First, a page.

"What we want is to see the child in pursuit of knowledge, and not knowledge in pursuit of the child."
George Bernard Shaw
I saw this great quote today. I completely agree, unfortunately I feel like we are in the latter stage of the quote... "knowledge in pursuit of the child." We have a schedule and they enjoy our curriculum, but if they had the choice they would choose to play 90% of the time. It is exhausting. I don't want to be the one pushing them forever. I want them to take some interest of their own. BTW, my kids are (boys) 11 & 9 and (girls) 8 & 5.
So how do you get your kids to pursue knowledge? All suggestions are welcome!
Here's an interesting article on something called "strewing". I struggled with this issue as well and then we tried this and it worked for us. My kids are now 15 and 13 and we started strewing a few years ago. Could at least give you a jump start.
First of all, who are "WE." Second, what does it look like "to see the child in pursuit of knowledge?" Who decides what it looks like? At what age? What does it mean by "knowledge in pursuit of the child?" (There's no "knowledge" in my house chasing around my kids! lol)
Congratulations! You have normal kids!!!! If most adults had a choice of going to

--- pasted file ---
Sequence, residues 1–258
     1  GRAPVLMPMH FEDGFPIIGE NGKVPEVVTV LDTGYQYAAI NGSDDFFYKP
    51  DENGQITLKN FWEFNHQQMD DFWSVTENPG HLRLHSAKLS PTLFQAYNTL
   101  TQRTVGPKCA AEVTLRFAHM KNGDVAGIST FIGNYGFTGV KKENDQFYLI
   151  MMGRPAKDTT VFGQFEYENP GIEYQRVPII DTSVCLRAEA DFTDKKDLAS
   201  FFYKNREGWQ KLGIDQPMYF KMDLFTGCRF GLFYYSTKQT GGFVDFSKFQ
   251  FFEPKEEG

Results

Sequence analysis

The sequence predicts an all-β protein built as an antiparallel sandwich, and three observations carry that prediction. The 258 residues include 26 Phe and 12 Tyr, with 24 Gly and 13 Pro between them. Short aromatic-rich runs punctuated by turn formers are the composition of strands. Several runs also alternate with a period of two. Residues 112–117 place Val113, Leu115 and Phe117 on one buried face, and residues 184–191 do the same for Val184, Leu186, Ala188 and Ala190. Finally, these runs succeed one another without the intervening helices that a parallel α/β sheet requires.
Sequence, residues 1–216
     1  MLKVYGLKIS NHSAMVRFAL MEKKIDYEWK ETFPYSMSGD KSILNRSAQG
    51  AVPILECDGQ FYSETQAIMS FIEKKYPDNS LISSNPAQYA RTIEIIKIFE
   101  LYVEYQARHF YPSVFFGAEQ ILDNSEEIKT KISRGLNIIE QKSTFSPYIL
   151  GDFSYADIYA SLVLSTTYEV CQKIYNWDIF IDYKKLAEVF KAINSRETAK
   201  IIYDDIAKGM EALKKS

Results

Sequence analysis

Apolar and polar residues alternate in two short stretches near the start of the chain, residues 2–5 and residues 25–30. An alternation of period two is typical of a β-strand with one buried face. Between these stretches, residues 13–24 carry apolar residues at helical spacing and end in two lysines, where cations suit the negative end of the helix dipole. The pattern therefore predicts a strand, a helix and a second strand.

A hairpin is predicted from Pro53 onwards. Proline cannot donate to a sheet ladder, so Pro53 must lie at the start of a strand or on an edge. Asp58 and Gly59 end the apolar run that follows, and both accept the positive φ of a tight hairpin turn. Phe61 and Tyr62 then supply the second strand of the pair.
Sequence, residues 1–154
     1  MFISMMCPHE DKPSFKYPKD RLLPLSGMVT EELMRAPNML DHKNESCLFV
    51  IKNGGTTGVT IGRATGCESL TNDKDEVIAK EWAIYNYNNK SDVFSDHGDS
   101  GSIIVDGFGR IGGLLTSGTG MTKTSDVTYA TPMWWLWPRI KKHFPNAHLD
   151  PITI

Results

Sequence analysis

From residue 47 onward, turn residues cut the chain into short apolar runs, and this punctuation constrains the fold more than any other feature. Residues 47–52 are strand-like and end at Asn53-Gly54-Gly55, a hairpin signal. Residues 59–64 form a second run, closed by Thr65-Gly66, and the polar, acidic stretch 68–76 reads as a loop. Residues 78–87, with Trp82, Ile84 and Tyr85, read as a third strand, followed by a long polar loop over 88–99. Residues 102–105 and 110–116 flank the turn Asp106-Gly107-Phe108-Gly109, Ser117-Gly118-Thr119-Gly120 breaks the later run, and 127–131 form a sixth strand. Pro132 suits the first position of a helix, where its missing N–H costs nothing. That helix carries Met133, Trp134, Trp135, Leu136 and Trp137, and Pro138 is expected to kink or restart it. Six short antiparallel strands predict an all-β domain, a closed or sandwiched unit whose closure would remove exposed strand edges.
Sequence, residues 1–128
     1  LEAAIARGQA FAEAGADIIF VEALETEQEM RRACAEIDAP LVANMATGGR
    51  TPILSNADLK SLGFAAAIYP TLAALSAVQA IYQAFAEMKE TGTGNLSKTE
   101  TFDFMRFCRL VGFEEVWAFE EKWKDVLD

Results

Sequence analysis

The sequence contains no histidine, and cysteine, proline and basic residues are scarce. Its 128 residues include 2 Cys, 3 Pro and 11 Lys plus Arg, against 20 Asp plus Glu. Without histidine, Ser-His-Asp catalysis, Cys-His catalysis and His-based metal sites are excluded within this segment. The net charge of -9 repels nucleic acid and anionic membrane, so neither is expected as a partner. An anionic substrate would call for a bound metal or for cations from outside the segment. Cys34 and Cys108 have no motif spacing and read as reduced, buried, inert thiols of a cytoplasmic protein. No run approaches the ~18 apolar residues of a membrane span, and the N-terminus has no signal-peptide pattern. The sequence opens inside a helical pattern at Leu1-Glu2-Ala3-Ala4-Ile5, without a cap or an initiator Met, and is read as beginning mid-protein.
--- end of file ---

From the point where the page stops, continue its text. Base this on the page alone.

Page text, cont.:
work or "playing", I assume most of them would play! Well, at least in my family! And my husband LIKES his job!
There is nothing wrong with teaching a child to be disciplined where they do their school first (work?!? gasp!) and play second. Your kids are young, so you would need to teach them discipline, it's not something they would just know. It's part of character building. Just because your kids want to play instead of do school has absolutely nothing to do with whether they have a desire to pursue knowledge.
(How many adults in this world have the desire to pursue knowledge just for the sake of pursing knowledge?)
I've always been a traditional, neurotic (lol) homeschool mom, meaning, I followed the basic public school model where they are expected to get their assignments completed daily and finishing their books by the end of the school year. I believe in a "well rounded" education (Math, Science, English, Bible, History) and believe that an education is never wasted. (Am I the big ugly "knowledge in pursuit of my children? GASP!) I believe in exposing my kids to several subjects, topics, etc., because you never know how the Lord will use it. How is a kid suppose to know what they like and don't like if they are never exposed to it? My main goals, other than teaching them God's Word, includes teaching my kids how to learn and to expose them in as many areas as possible through homeschooling. When asked, my kids admit to liking homeschooling not because of a deep desire to be in "pursuit of knowledge" or the "love of learning", but because of the freedom they have..